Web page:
8. Of course, the discussion was really about the hardware rather than the number and variety of channels received by the various formats. The BBC is the BBC regardless of how and from where it is broadcast.
  9. . .. and I think you'll find they are not. You even highlight a difference between the various standards. In your post you say that Freesat and Free To Air are the same. I'd agree insofar as both deliver satellite tv. A Citroen 2CV and a Rolls Royce Phantom are the same in that they will both transport people from point A to point B. It is how they do it and the user experience that is different. As an end user with both, FTA and Freesat, the differences between the two are enough to have me preferring to use my feature rich Freesat boxes and their associated facilities rather than an exceedingly feature poor FTA box. That is really all that actually matters to me regardless of how th similarities are perceived. Using Freesat and its accompanying app indoors as I do, it makes sense to me to use Freesat in the 'van. Really quite seamless. The same as using freeview indoors and in the van (tv reception perception permitting of course)
  10. A little off topic but relating directly to my comment about Vodafone above. .. published today. .. Vodafone - most complained about broadband / landline provider
  11. We have a Humax Freesat box indoors. It's a 1Gb 1010S with wifi and it has been absolutely brilliant. .. compared to our ever increasing Sky TV subscription it paid for itself in year one. It is over five years old now and still working perfectly. Recommended. If you are changing broadband supplier from TalkTalk may I suggest that you don't go to Vodafone. The deals look good but I have been with and actively trying to get away from them since November 2018. They want over £200 as an early exit fee but they haven't yet delivered a single day of satisfactory service. .. primarily due to the dysfunctional router they supply but there are speed issues and dsl dropouts to contend with too. The battle continues. Have a look here: Vodafone Community Discussion Forum The above is of course my personal opinion based on personal experience. It is not presented as and nor does it purport to be the opinion of Caravan Talk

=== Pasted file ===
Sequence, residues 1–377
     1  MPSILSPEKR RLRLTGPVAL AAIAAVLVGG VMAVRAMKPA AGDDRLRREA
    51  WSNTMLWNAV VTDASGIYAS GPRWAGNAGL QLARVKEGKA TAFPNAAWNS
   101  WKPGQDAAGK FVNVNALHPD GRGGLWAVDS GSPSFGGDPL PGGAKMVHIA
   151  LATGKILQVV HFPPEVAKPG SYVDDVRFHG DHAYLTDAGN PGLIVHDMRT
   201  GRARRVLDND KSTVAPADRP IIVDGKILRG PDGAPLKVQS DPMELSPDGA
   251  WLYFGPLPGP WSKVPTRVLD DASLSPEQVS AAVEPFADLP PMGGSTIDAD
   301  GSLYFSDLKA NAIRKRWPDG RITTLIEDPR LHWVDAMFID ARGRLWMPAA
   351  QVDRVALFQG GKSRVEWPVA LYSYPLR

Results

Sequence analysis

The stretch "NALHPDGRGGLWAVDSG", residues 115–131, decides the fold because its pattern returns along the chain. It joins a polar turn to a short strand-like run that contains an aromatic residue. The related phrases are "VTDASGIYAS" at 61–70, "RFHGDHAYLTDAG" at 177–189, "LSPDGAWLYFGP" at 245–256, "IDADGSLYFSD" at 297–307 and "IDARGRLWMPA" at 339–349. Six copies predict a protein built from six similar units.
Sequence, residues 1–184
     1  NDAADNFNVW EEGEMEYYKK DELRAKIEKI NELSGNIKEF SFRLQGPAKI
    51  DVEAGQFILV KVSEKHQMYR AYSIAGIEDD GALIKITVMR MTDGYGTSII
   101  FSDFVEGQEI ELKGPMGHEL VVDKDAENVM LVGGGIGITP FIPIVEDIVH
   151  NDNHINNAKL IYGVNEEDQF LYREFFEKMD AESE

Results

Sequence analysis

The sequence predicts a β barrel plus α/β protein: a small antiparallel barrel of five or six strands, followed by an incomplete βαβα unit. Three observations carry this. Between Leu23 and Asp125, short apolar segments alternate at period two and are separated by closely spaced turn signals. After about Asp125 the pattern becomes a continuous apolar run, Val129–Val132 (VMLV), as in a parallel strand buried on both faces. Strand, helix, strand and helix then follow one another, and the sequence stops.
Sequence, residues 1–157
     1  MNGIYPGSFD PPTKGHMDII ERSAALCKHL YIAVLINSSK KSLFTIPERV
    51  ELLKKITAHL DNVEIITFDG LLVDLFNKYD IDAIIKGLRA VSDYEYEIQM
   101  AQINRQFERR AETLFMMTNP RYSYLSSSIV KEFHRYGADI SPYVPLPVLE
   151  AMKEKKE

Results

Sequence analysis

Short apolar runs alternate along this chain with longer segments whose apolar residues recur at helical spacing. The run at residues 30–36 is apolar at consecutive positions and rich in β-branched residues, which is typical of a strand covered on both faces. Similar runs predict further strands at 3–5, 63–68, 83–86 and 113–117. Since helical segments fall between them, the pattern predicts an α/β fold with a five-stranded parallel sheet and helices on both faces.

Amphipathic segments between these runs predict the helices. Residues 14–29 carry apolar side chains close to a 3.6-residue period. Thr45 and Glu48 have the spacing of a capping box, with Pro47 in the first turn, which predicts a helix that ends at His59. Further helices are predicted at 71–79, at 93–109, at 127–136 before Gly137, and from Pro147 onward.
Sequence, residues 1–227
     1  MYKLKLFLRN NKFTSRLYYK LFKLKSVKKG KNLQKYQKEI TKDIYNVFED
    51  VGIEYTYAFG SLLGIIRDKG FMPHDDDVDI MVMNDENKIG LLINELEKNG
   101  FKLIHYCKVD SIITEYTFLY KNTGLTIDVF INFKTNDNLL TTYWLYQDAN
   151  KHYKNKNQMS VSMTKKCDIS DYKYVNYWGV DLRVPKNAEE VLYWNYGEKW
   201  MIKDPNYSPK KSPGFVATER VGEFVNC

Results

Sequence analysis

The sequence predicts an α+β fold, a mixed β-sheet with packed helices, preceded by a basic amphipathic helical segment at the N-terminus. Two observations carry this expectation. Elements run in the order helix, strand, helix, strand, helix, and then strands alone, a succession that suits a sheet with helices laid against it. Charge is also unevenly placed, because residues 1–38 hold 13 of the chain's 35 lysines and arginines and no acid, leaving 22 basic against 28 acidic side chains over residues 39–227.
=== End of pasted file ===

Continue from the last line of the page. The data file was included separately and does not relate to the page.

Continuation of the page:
12. No grease if used with friction pad stabiliser - clean and dry is a must but for any metal to metal non stabiliser hitches (trailers / older caravans) then a smear of grease is required. After towing the trailer, I always store the tow bar clean and dry indoors ready for the caravan. If the trailer happens to the next thing towed a smear of grease is re-applied.
  13. We have what must be the same kit but these days, we use a Manhattan SX Freesat box - about £49 from Currys, Argos etc - instead of the Newline free to air (FTA) satellite box that came in the kit. It works very well and is about the same size. Being Freesat users at home we greatly prefer Freesat over free to air as we are used to it but the Manhattan box does not have the 'EasyFind' facility as found in the Newline box. We tend to set up with that box and then, once the dish is aligned, we simply swap the boxes over. There are a number of inexpensive FTA boxes to be found if you have no luck with finding a replacement remote.
  14. Haven't been for about three years now (having moved to the area from Essex) but in the past, we always phoned the site directly and booked. It was never a problem getting a pitch until the very last time we tried when we clashed with an a major event in the area and booked into nearby Beech Croft Farm instead. Even extending our stays (while on site) by a few days was never a problem. We seem to do that everywhere we go The only specific change I have heard of (may be inaccurate) is that the car parking cost for some Chatsworth House events (Christmas market for example) has risen massively to encourage visitors to arrive by coach/bus etc. For normal non event days it is something like £4 these days.
  15. . .. but towbars type approved under the Directive 94/20/EC (effective in the UK from 1998 and repealed in 2014) are still in use and will continue to be in use for as long as the vehicles they were type approved for are still on the road. These towbars may or may not have specific attachment points. It was not a requirement of D94/20/EC.